Should I get a part if we both paid the mortgage? My spouse bought the house prior to our marriage

A house that owns before the marriage by one spouse is generally estimated separate property and is not subjected to division. There are some exceptions to this scenario, however.

During your divorce in Washington, property and all debts even those one spouse have separate from others will divide and grant to one partner or the other through mutual agreement or with the help of the court. The term “property” involves house and all other real estate, personal belongings, stock options, vehicles, retirement benefits, funds in bank accounts or trusts, investments, pensions, debts, and business interests. Oftentimes, the division of houses in Washington becomes the most contentious aspect of a divorce.

If both parties pay mortgage together and whether your spouse divide house through negotiation or have a court decide the division in court, the process will likely be very similar:

First, the house will characterize as separate or community after examining the mortgage payment.

Second, the house value will be estimated. This process can be done by item selling, having it evaluated by an expert, using the actual monetary value, or confirming to a valued; and

Third, the house divides between the parties.

Distinguishing a spouse’s non-marital property (personal property that owns by either partner before the marriage) is one of the more complex aspects of separation. While particular precepts do exist about the other partner’s right to a division of such assets, they direct to be subject to the exceptions and other rules. Premarital property refers wholly to the spouse who produced it into the marriage and the other party has no right to it – unless specific other factors involved.

Your Spouse’s “Separate” House is Part of Division

The first concern the judge will address when determining a fair division of your house is to define the nature of all your property and assets. Washington is a community property state where all income earned and property obtained by either spouse during the marriage, consider community property. It awards to both parties so it must divides equally between the parties as separation.

Likewise, all incurred debts during the marriage consider community debts and belong to both parties equally. If you want to divide the house equitably–you can get your partner to negotiate with you – then the two of you can choose what’s fair in a separation agreement. If your partner can’t consent or if there are some specific assets in dispute, then you can still get the split you prefer, or near to it, by persuading the court that there is a solid and equitable ground for doing so.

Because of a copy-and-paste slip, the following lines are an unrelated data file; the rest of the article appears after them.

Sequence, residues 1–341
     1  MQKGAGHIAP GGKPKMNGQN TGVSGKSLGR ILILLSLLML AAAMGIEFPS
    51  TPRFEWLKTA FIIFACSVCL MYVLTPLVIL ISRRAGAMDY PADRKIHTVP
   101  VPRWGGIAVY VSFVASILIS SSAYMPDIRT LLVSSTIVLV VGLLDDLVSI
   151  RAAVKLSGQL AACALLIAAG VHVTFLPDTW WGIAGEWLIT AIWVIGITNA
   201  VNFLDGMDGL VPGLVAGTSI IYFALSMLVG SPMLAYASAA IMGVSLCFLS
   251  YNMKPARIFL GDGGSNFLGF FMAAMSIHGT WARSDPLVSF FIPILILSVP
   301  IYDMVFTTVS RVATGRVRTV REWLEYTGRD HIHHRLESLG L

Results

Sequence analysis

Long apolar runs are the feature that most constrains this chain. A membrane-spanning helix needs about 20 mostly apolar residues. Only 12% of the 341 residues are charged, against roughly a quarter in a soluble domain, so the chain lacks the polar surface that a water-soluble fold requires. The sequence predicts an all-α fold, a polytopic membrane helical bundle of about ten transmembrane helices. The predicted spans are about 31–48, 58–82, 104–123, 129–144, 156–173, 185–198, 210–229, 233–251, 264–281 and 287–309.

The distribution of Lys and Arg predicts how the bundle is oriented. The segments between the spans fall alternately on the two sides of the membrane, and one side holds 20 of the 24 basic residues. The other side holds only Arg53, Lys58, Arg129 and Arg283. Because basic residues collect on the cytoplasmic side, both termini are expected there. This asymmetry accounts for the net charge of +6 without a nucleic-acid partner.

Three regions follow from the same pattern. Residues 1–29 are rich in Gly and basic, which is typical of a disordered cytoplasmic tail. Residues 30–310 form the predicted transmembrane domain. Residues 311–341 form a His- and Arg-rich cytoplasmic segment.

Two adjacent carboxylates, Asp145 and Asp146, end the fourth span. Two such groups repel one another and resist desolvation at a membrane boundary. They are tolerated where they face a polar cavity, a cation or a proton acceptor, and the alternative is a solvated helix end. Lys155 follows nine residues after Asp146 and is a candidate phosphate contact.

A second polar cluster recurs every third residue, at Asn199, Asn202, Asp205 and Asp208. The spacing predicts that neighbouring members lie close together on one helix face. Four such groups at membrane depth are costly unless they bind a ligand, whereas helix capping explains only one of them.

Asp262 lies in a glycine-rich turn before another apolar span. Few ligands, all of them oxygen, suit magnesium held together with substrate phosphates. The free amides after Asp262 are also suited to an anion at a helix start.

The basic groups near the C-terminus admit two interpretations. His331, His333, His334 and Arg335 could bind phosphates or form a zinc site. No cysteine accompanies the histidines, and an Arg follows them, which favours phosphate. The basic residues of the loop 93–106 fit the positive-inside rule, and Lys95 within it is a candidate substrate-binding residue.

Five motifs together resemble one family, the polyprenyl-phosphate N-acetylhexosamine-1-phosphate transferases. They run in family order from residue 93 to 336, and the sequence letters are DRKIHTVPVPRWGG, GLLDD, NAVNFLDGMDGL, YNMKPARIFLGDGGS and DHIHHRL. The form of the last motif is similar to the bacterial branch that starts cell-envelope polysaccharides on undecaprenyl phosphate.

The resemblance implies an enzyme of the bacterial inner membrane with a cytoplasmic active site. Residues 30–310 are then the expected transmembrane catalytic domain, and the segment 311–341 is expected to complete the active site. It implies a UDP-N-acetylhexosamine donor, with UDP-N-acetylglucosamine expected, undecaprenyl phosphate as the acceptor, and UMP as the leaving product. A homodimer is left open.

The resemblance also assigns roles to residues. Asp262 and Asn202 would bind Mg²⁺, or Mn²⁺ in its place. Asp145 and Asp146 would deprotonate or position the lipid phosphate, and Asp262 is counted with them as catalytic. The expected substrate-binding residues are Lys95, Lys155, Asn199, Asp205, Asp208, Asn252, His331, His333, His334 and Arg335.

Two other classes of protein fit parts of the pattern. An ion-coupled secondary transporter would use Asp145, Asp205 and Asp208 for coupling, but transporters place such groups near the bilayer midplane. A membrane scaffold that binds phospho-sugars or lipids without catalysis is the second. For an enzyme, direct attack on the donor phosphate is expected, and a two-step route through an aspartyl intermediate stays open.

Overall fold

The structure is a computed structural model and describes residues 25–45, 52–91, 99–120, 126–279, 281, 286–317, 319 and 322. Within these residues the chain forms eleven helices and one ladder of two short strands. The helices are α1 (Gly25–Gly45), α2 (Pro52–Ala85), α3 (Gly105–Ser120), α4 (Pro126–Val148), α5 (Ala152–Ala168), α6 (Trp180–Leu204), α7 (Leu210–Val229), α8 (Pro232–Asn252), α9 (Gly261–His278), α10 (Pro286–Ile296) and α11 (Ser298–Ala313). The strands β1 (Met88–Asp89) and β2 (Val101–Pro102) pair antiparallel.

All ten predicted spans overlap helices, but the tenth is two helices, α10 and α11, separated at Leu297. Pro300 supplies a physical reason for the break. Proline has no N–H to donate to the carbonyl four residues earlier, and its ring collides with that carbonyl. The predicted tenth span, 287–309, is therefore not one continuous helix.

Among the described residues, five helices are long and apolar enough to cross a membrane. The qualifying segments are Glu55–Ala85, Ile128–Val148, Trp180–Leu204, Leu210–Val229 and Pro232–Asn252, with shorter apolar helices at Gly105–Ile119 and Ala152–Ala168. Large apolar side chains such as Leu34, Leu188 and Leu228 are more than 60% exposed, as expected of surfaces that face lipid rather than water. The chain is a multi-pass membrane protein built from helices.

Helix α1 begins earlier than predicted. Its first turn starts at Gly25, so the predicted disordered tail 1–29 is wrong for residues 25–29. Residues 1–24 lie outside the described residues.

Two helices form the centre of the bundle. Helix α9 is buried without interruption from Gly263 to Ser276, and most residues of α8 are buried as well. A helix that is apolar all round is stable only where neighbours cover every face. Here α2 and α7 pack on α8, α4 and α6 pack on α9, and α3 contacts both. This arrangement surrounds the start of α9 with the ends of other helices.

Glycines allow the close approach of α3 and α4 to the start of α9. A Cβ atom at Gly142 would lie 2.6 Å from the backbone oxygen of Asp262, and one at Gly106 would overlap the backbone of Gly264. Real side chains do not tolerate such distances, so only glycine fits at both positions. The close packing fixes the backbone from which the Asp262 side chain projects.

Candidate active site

In Washington, the court possesses the right to add a separate property in the property division. The court determines whether that exception implements and how all the property should split after considering the factors below.

Factors For Division Of House

The court distributes the house based on the house value, mortgage amounts, the length of the marriage, duration of the paid mortgage, and each partner’s economic reality at the time of the separation. If you left your career opportunities to assist your spouse to become a successful person, for example, then the court might agree to balance out the variation in your incomes by giving you a good share of the house. Also, you have a favorable chance of keeping the family at home, or at least the advantage to remain in it, if both of you have children and they live with you.

Washington State has a no-fault standard for separation. Under Washington state law of no-fault, even the obvious mistakes of your spouse, such as having an affair, have no effect on the final divorce settlement. The only time a judge will assess misconduct in dividing house is where one partner spent an exorbitant payment in support of this bad habit– by doing something, for instance, draining the good amount of savings to support a cocaine habit. The court can examine such wastefulness when sharing the property.

How Does The Court Decide Who Gets What?

Washington law dictates that the court’s distribution of house be “just and equitable”. Equitable does not refer to equal. Instead, it usually intends fair under the conditions. In other words, this may state a bigger house award for a partner with less capacity to make a livelihood in the future. The court usually does not consider any marital “fault” when splitting your house.

When determining how to build a fair division, the court may recognize the following:

  • The extent and nature of the house;
  • The time duration of the marriage;
  • The duration of the mortgage; and
  • The economic conditions of each partner at the time the division of the house is to become effective.

The court will most concerned about the financial circumstances of both spouses that will leave with when the marriage ends.

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